- Resident Artists
Logan is taking our Summer Opera Education Class: "Putting it Together." We asked her to share her experiences throughout this 8-week interactive class. Updates will be posted weekly. Enjoy!
This week, we were able to get a glimpse at what goes into planning and budgeting a season of opera here in Portland. We were visited tonight by General Director, Christopher Mattaliano and Director of Artistic Administration, Clare Burovac, and they gave us their insight and personal experiences with organizing opera seasons.
Our class began with Mr. Mattaliano sharing his formula for a good opera season (with four operas): two well-known popular operas, one lesser-known opera but composed by a well-loved composer, and one “undiscovered” opera. The two popular operas are usually the opening and closing operas to both grab Portland’s attention and to end with a bang. By incorporating lesser known operas, Mr. Mattaliano is providing new and unusual music and styles that fits perfectly with the Portland vibe. With these four operas, Mr. Mattaliano also suggests having a common theme or synergy. For example, Leoncavello’s Pagliacci¸ Orff’s Carmina Burana, and Puccini’s Turandot among others in the 2010/11 Season were all connected through the idea of “fantasy or reality.” These common themes are “a reflection of who we are as human beings in a profound way,” said Christopher Mattaliano. I’d say that fulfills the expectations of performers and audiences alike. After all, the Portland Opera mission is “Portland Opera exists to inspire, challenge, and uplift our audiences by creating productions of high artistic quality that celebrate the beauty and breadth of opera”.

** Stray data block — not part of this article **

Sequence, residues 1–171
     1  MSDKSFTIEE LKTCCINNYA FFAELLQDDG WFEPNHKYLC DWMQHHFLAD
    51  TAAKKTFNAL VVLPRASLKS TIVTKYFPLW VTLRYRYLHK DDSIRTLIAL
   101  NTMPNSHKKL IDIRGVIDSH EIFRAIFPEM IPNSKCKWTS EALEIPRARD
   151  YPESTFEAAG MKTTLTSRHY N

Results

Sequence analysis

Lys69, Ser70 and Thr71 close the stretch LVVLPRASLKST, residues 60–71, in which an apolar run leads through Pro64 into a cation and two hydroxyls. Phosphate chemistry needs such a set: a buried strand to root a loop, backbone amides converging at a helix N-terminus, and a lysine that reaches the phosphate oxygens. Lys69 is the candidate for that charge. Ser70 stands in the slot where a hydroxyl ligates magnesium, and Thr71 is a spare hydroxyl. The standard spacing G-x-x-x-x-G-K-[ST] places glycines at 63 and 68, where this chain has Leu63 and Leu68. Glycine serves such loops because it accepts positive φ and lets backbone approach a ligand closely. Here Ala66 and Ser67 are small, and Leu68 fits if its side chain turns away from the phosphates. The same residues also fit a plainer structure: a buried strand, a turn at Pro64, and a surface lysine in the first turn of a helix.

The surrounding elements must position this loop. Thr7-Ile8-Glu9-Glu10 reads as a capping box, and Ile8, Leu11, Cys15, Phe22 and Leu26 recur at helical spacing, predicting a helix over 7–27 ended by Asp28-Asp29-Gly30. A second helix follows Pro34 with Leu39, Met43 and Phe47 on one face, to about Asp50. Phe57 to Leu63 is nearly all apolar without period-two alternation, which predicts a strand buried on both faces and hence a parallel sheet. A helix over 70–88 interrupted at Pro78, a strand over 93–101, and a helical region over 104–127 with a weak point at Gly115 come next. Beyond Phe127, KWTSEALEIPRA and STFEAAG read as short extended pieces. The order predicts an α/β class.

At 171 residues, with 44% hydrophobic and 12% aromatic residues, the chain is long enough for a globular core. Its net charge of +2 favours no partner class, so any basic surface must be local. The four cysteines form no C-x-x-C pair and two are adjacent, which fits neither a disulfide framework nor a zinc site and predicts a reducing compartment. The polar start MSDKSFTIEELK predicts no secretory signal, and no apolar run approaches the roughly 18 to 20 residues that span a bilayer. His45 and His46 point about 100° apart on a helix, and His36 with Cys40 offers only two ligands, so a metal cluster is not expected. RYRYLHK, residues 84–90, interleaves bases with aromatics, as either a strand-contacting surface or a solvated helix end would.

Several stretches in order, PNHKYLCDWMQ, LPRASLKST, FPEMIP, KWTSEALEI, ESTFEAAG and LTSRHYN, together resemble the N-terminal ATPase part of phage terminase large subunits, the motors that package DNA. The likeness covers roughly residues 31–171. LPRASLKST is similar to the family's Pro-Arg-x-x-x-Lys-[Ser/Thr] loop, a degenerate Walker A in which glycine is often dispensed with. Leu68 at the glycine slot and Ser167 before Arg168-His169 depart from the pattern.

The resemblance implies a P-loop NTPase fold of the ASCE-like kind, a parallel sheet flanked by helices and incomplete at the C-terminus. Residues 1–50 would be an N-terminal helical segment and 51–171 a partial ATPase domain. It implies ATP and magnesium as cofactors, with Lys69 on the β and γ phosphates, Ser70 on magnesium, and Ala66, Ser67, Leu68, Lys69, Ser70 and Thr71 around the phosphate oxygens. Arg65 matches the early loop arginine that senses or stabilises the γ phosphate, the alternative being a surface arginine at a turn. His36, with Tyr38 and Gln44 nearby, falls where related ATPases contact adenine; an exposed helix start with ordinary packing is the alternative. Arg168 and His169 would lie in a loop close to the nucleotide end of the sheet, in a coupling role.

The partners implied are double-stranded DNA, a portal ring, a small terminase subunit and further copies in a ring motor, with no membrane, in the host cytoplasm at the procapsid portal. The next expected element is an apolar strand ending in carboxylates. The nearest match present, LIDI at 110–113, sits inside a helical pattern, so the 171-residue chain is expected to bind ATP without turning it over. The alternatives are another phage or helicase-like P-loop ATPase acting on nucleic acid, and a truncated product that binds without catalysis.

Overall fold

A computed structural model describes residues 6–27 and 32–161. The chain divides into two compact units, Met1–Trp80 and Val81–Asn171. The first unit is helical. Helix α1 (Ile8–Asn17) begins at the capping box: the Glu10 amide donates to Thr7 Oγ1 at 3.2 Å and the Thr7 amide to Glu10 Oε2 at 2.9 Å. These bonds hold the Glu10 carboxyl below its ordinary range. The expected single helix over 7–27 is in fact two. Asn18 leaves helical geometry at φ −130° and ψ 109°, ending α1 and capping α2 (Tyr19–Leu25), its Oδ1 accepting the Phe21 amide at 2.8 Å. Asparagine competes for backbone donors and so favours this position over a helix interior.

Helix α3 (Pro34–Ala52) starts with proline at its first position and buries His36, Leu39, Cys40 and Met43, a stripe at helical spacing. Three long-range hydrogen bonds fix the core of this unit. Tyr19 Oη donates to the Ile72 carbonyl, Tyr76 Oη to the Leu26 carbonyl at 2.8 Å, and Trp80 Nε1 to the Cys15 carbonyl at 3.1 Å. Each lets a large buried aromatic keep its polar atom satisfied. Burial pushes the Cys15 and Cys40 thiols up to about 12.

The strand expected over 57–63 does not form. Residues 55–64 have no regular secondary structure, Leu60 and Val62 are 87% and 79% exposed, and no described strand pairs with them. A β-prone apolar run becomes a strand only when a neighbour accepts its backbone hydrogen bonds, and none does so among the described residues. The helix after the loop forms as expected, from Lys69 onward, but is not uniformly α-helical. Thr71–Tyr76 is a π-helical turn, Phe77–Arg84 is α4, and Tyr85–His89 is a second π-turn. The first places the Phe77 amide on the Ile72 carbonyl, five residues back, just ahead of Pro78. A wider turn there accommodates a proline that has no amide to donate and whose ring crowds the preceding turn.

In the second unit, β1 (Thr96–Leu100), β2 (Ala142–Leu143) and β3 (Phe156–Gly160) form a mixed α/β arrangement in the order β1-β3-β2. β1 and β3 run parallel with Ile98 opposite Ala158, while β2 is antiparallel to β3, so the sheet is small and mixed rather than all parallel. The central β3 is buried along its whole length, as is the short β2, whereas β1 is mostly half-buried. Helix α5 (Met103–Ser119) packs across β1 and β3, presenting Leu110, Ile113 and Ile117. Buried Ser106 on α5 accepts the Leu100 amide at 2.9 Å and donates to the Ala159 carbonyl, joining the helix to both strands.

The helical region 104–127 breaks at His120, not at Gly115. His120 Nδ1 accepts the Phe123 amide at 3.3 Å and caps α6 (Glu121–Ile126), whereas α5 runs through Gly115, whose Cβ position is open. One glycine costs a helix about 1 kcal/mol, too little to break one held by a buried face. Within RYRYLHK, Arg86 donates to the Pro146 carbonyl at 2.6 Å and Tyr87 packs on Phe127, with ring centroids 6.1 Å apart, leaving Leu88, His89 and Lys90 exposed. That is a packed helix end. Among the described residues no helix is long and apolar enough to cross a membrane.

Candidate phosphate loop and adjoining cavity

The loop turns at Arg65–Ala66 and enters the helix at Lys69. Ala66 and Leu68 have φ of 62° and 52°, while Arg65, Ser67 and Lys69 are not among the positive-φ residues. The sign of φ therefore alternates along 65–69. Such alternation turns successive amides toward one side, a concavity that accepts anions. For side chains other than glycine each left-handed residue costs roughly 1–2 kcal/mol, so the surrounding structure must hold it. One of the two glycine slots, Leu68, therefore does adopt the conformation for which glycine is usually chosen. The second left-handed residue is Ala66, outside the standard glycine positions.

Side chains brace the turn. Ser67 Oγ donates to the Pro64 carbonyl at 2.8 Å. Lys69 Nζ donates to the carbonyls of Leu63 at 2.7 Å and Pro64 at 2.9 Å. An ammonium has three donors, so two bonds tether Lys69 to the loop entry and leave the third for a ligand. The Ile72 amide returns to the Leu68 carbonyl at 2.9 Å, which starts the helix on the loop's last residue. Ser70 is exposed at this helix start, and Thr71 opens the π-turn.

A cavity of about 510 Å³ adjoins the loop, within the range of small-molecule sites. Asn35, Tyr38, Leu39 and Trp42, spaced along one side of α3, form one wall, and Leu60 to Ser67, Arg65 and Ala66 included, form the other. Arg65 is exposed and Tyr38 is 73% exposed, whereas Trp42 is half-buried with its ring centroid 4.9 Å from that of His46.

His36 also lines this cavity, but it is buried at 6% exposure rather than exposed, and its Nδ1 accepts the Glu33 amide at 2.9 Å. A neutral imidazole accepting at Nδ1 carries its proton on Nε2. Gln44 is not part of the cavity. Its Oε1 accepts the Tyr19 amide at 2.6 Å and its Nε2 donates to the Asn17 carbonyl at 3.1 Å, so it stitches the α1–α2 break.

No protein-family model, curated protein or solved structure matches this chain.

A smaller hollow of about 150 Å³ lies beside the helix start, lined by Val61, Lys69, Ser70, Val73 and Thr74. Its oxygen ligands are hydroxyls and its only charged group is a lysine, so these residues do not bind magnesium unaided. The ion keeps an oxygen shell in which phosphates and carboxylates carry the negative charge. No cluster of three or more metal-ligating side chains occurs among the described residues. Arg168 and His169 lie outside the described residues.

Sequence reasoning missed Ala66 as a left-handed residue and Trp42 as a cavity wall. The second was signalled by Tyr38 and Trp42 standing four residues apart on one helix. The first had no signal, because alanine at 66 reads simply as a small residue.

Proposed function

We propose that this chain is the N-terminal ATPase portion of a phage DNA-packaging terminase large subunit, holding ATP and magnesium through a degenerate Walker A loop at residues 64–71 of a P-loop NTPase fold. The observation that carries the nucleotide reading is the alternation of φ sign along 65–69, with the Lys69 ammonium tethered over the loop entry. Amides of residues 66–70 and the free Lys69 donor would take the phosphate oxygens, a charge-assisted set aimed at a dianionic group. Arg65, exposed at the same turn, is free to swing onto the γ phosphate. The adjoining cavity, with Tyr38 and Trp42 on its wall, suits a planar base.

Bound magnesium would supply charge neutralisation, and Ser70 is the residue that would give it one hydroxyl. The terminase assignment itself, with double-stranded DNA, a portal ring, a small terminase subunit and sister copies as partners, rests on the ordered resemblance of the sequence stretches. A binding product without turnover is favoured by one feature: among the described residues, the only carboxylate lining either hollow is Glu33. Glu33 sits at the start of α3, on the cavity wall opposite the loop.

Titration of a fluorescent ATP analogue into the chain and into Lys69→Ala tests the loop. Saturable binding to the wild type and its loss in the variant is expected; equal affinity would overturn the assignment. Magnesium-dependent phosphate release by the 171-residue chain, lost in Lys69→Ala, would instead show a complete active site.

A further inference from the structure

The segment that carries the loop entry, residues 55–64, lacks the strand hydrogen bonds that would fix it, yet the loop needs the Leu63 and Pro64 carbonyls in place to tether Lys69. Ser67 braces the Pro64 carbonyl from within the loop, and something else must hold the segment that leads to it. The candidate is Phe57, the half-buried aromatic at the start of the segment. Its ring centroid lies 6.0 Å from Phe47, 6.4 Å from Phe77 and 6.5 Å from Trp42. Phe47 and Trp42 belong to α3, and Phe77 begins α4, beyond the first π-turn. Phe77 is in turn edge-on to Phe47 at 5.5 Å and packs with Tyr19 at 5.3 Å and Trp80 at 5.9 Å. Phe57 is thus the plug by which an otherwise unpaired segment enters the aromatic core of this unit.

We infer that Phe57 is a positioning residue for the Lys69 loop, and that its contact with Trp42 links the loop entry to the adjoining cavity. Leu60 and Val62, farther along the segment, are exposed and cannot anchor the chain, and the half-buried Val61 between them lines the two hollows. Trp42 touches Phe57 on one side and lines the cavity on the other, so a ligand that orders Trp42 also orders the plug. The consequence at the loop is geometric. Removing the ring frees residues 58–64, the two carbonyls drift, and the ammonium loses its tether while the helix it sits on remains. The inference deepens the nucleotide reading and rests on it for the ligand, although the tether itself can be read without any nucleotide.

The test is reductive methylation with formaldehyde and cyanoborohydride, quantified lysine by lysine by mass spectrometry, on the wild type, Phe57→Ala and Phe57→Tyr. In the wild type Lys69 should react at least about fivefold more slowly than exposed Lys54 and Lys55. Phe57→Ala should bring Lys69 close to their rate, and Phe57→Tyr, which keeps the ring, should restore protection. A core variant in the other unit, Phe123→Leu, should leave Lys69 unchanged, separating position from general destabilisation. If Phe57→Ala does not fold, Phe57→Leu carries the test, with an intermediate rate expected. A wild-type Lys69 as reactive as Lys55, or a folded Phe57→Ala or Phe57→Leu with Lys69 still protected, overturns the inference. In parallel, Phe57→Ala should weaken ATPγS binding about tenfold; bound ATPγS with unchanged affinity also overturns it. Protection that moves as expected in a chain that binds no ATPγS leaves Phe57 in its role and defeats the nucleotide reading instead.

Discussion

After learning how to select productions for an opera season, we learned the mechanics of budgeting the season with Clare Burovac. She explained that each opera that is performed at the Keller Auditorium costs roughly one million dollars. Most of the expenses are for principal singers, orchestra members, stage staff, and stagehands. Other expenses include costumes, make-up and wigs, props, etc. These expenses really add up, and sadly, selling tickets isn’t enough. We learned that if every production sold out for an entire season, the profits would only contribute to about 36% of the total revenue needed. Where does the rest come from? Very little is contributed from corporations and government funds, but 57% comes from individual donors. That’s over half! I was shocked to learn that it takes more than just selling tickets to fund operas: fundraising and individual support are crucial. So to those out there donating to the Portland Opera, thank you!
To end our fourth class, we were put to the test. Ms. Burovac distributed sheets of paper with an exercise to plan an opera season. On one piece of paper was a list of operas in various categories such as “Blockbusters,” “Chamber,” etc. To the right of each opera was a number that represented on a point-based system the amount of money the opera would cost to produce, extra fees for a large orchestra, number of lead roles, etc. This exercise was very fun, although it was harder than I thought. Ideas were tossed around with the idea of holding a budget in mind (i.e., the total number of expense points had to be under 2200, and profit points had to be at least 800). We had to erase our numbers a few times, but eventually, we had four different opera seasons. My group chose Puccini’s Madama Butterfly, Die Fledermaus by Johann Strauss, The Rake’s Progress by Igor Stravinsky, and Benjamin Britten’s A Midsummer Night’s Dream. This season is indeed a very daring one, but a fun one just around our budget! After we all shared our seasons, Ms. Burovac shared with us a website that can be a useful tool for looking at production information such as cast size, role types, etc. The website is http://www.musicalartists.org, although the page describing various operas can be found at http://www.musicalartists.org/agreements_schedule_c.html.
Tonight’s class was very fun and very insightful (as usual), but it especially helped us as a class begin to understand just how difficult it is to put together a year of beautiful opera. Bravo to Christopher Mattaliano for going through this difficult process for a successful ten years, and for more years to come!